In 2011, I created Pink Divas Pink Project. This group started out with me and four other women. The group has now grown to 11 members strong. We are starting to reach out to different community getting the message out. I was just invited out to Mount Moriah Baptist Church Health Fair in Harvey, Ill., and it was a great experience. I was able to make contact with this lovely lady who promised me she would schedule her mammogram.
Art for Health was started by a group of philanthropic artists and physicians committed to helping improve living conditions in underserved communities around the world. It has partnered with the Global Health Program at Rush for a benefit on Friday, Oct. 4, to raise funds to support and create awareness for Haiti and the Dominican Republic.
The event, from 6 to 10 p.m. at the Ignite Glass Studio at 401 North Armour St. in Chicago, will feature an array of art and music. For more information, visit www.artforhealthbenefit.org. Tickets are $35 online and $45 at the door.
Ludella Page paints a candid picture of her daily painting duties.
“Everybody thinks painting is an easy job, but it’s a lot of work,” she says. “We take a lot of pride in it.”
Page arrived at Rush in 1989 and is the only woman in the engineering department at Rush. Her work helps keep the surroundings pleasant for patients.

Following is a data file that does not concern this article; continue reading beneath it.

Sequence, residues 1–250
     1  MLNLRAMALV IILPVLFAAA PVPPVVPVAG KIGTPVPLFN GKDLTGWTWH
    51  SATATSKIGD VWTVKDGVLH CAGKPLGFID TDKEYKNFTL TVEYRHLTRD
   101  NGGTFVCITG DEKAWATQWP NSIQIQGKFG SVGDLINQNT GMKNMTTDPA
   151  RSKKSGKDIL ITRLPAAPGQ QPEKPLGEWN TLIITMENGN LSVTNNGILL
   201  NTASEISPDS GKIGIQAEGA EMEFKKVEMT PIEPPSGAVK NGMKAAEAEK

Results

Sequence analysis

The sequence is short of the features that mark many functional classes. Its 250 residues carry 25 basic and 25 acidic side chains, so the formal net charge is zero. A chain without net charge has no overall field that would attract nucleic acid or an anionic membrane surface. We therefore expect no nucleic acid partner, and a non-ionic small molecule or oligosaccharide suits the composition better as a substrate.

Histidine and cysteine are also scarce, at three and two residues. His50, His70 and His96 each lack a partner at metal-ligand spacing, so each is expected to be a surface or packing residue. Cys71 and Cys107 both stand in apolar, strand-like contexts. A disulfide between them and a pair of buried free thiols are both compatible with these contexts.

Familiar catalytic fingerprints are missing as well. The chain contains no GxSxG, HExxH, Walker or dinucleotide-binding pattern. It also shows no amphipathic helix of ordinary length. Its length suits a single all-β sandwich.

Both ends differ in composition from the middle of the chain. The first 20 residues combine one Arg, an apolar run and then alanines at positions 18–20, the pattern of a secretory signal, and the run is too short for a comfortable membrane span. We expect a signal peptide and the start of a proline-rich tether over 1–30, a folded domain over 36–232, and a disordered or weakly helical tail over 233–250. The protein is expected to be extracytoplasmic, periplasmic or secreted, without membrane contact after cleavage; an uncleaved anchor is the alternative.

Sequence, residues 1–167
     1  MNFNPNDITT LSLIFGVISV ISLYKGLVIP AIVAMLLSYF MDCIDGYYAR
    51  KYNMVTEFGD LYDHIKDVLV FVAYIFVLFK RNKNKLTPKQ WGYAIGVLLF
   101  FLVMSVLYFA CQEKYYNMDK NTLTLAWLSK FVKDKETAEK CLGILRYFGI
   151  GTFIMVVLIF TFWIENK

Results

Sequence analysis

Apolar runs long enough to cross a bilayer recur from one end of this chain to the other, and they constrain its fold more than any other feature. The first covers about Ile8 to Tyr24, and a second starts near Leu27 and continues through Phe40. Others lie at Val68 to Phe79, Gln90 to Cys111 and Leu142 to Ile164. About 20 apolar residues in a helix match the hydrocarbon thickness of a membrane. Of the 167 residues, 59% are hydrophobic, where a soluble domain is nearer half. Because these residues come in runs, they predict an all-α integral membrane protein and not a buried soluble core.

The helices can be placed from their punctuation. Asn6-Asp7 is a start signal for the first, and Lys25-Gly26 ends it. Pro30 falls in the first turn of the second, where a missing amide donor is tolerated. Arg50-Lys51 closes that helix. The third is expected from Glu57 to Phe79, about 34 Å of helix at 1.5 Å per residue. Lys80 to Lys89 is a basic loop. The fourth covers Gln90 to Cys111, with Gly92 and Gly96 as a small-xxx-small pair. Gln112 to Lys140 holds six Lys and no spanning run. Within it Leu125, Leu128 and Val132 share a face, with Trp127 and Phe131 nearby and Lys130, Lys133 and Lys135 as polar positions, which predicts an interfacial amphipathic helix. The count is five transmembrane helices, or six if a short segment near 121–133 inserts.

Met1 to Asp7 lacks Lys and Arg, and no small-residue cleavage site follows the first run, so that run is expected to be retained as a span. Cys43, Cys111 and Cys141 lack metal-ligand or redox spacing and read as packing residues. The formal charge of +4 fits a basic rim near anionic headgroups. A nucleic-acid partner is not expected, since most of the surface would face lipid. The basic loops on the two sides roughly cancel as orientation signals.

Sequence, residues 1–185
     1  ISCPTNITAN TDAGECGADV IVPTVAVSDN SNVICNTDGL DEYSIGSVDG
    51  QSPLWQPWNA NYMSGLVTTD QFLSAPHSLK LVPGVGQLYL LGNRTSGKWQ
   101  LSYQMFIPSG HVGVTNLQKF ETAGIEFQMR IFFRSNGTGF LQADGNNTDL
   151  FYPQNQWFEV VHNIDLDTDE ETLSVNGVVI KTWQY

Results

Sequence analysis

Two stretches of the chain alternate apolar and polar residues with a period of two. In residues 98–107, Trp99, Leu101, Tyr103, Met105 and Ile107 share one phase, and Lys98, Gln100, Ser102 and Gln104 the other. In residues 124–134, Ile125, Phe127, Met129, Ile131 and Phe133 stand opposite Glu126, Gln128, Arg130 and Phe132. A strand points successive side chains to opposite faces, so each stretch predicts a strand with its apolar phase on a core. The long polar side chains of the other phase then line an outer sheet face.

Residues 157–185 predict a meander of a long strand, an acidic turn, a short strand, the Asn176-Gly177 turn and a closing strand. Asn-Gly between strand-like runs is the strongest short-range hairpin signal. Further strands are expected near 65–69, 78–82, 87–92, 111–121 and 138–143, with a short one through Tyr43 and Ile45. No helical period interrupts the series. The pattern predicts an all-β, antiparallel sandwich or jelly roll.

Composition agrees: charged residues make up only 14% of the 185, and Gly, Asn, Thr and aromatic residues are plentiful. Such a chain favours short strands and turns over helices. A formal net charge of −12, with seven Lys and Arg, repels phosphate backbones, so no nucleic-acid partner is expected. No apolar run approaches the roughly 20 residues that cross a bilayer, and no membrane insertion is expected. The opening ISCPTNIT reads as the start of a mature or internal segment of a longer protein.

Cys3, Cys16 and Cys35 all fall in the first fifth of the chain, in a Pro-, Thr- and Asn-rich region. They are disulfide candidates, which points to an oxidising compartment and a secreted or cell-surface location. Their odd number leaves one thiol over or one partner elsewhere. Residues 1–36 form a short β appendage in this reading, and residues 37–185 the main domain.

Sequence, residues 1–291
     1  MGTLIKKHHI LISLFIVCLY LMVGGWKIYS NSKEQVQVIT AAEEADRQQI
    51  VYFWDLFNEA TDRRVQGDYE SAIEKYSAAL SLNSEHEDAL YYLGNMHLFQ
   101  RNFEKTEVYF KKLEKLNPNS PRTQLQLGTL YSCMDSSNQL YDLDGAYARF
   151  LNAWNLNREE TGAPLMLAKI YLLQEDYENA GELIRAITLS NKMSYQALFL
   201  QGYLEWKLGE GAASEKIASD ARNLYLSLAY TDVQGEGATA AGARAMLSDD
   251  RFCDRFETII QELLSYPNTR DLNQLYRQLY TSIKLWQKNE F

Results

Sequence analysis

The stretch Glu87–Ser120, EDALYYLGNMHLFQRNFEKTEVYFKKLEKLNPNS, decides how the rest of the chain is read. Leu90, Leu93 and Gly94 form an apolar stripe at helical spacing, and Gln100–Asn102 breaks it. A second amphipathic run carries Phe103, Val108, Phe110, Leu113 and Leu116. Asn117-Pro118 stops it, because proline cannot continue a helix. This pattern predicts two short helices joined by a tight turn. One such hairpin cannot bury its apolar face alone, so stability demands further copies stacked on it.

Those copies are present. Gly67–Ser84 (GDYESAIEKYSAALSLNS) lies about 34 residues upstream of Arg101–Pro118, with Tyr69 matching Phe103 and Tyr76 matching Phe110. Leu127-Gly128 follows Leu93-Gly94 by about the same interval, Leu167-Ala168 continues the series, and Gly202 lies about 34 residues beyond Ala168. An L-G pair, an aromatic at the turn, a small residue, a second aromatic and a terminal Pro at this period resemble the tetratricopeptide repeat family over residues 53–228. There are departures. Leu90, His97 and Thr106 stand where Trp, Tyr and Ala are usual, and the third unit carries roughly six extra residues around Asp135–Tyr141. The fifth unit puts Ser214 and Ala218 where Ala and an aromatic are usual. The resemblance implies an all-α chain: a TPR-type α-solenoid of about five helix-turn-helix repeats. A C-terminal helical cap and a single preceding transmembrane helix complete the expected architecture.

“We do what we have to do to maintain a good, clean environment for the patient,” Page says.
By Rachel Loftin, PhD
I am a psychologist and clinical director of an autism program here at Rush. Several of my closest friends are also clinicians who specialize in autism. We all took different paths to our careers. Johanna, a child psychologist, worked as a behavior therapist for years and discovered she had a knack for both behavioral psychology and for working with children with autism. Kara was a special education teacher whose practice slowly shifted over the years until she was completely specialized in autism. She now holds a doctorate in special education and does important work on transition and independence people with autism spectrum disorder.
My route was a little different. I grew up with a family member with autism. My cousin Wilson is a few years younger than I am. We were raised almost like siblings, seeing each other several times per week while growing up. Wilson’s autism is not conspicuous. As a child, his parents and teachers knew something was different because he was late to talk and had some quirks, but they did not know exactly why or how he was different.
Do bee stings really get worse with each successive sting (and do older adults have worse reactions to bee stings than young people)? Are swimming pools germ factories? Is there such a thing as a “healthy tan” (and are tanning beds safer than sunlight?) And is it safe to drink out of a garden hose?
In this video, Yone Amuka, MD, an emergency medicine physician at Rush University Medical Center, discusses common summer myths.
The image gallery below includes entries in the Discover Rush Spring 2013 cover art contest, whose contestants submitted work that spoke to the issue’s theme: inspiration. The winning entry, Sandra Holubow’s Community by Day, can be seen in the latest issue of Discover Rush.